Savannah cats love to be around people. They often have no desire to stray far from their owners. Many will adjust to life indoors, provided you supply plenty of entertainment, toys, and lots of time. However, they are enthusiastic athletes. Sometimes it can be hard to satisfy their impulse to run and jump indoors. When this happens, they can become bored and destructive.
The best way to help them burn off their energy appropriately is by letting them roam outside. Sometimes, this simply isn’t possible. Perhaps you live next to a busy road or somewhere dangerous for cats, and their leaping ability means they can escape your backyard in the blink of an eye. What can you do?
Well, there’s a quirky compromise to be had.
Lots of Savannah cat owners report successfully teaching their pets to walk on a leash outdoors, like a dog! That way, they can burn off their energy while safely supervised. Bet it’s fun taking the cat for a walk, too! It is really important that Savannahs get plenty of exercise, not just for to combat boredom, but also for their health. Savannahs have some unique health issues that you should know.
Savannah Cat Health And Care
The biggest problem with Savannahs is creating the first F1 hybrid, the one between a domestic cats and a serval. Domestic cats and servals have different gestation times, so this can result in a high number of aborted pregnancies, stillbirths and deaths in early infancy. Once these hurdles are overcome, most Savannah cats enjoy pretty good health. However, we should mention two conditions.
Hypertrophic Cardiomyopathy (HCM)
Savannahs seem more vulnerable to hypertrophic cardiomyopathy (HCM) than their moggy counterparts. Cats with HCM have an enlarged heart, which can impair function and result in sudden cardiac arrest.
In an ideal world, all pedigree cat breeders would have their breeding cats regularly checked for HCM. Unfortunately, there is no requirement for them to do so. You will need to make sure your kitten’s parents have had these checks carried out, and ask for proof from the vet.
Hybrid Male Sterility (HMS)
Early generations of male Savannahs suffer Hybrid Male Sterility (HMS). HMS means that males are born with incorrectly developed testes. Accordingly, they remain infertile in at least the F1 and F2 generations. Very, very occasionally a fertile male is born in the third generation but, generally, the F4 generation is the first to produce reliably fertile males.
In fact, Savannahs are proving a valuable species for scientists at Texas University. They are trying to understand HMS and show how it keeps all species distinct rather than seeing infinite numbers of hybrids cropping up all over the place.
HMS doesn’t really affect the health very much, and neutered male cats still have a good life with the right family. It certainly does affect their price!
Savannah Cat Lifespan
Estimates on life expectancy vary. However, most reports tend to put them between 15 to 20 years.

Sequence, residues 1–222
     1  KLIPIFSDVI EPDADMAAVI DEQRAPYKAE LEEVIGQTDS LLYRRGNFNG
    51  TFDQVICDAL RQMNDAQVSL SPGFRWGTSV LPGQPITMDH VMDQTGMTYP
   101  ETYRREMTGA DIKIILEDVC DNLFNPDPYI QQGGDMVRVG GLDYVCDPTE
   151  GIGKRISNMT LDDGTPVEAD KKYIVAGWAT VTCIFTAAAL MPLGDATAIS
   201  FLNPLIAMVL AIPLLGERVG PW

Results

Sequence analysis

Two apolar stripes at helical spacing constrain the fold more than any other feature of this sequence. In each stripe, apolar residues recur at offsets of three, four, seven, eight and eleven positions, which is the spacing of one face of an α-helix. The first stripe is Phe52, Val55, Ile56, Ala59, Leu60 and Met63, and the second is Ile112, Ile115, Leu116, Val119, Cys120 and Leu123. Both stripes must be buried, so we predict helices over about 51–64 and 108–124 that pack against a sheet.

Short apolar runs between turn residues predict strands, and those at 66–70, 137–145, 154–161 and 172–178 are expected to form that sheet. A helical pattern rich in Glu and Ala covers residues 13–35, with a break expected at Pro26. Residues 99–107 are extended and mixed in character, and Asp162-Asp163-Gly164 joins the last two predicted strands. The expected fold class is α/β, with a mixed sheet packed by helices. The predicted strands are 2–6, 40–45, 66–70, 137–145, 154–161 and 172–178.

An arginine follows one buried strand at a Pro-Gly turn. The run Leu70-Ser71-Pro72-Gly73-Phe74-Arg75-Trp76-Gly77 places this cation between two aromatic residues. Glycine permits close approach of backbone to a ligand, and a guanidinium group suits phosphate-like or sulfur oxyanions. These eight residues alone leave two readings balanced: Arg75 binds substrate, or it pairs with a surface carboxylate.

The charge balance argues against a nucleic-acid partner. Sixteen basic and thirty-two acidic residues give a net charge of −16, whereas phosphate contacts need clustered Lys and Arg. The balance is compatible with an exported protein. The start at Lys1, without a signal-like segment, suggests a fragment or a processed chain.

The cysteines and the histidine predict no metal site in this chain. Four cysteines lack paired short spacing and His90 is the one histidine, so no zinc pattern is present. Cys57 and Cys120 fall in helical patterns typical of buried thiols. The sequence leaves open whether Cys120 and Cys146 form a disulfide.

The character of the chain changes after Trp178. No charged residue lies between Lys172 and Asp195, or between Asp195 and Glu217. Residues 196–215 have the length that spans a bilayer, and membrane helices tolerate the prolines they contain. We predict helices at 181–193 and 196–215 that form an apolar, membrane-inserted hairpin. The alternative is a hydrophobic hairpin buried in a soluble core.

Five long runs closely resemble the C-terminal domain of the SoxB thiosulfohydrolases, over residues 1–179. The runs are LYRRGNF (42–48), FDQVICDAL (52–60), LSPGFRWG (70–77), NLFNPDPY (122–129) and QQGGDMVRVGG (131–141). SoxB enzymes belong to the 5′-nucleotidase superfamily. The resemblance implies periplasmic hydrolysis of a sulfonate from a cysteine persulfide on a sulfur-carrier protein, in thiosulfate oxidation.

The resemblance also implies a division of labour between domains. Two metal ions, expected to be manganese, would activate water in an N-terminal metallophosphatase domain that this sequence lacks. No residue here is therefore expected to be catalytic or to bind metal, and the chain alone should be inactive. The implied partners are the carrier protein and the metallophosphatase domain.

The Adoption Option
Savannah cats are still pretty rare, owing to the biological challenges of creating them, and the short time they have been accepted as a pedigree. However, it’s not completely unheard of to find one for adoption every now and then.
If you wish to go down the rescue route, you might have to register your interest with local agencies. Then, brace yourself to be a little patient. Of course, you can also find a kitten from a breeder, but this might cost you some money. This ranges from a few hundred dollars to a few thousand.
Savannah Cat Kittens
When you have found a kitten you like, you will need to ask lots of questions. Alarm bells should ring if they try to sweep your concerns under the carpet. Firstly, make sure that the breeder has carried out health tests on the parents. Secondly, check that they are knowledgeable about the breed.
Why Such A High Price?
Well, they can be very, very expensive, mainly because they are still uncommon. However, some generations and cats are more affordable and comparable to other pedigree breeds. F4 and F5 kittens usually cost between $1,000 and $2,000. F8 cats tend to go for around $600 – $700.
You can expect to pay a premium for kittens of any generation who have inherited especially serval-like features. That’s because the serval patterns are what everyone wants! HMS can also have an effect on the price.
The Effect of HMS
In the F1-F3 generations the males are usually sterile. This means that female kittens are much more valuable than males. In reality they are usually kept or promised to other breeders before they are even conceived. F1 to F3 females are rarely found for sale.
From the F4 generation onwards, the value of female kittens drops. This continues as they become further removed from their serval relatives. In contrast, the males become fertile, so their value actually goes up. Strangely, it’s easier to find an F3 on the market than an F4 kitten.
Pros and Cons
Getting a cat is a big decision, especially when it’s a rare breed.
- These cats are big and active
- They need lots of attention, time, and toys
- Savannahs might become destructive if left alone too regularly
- They can be prone to health problems
- The breed might not be suitable around small children
- Savannahs are fun and interactive
- They will play with you to your heart’s content
- These cats love to spend time with you
- You might be able to walk them on a leash
Personally, for someone with lots of time and space, I think this breed can make awesome pets. Savannah cats have big and boisterous personalities matched with that wildcat look and, as long as you check a kitten’s history or check with a vet, few of the major health issues that can affect some pedigree cats.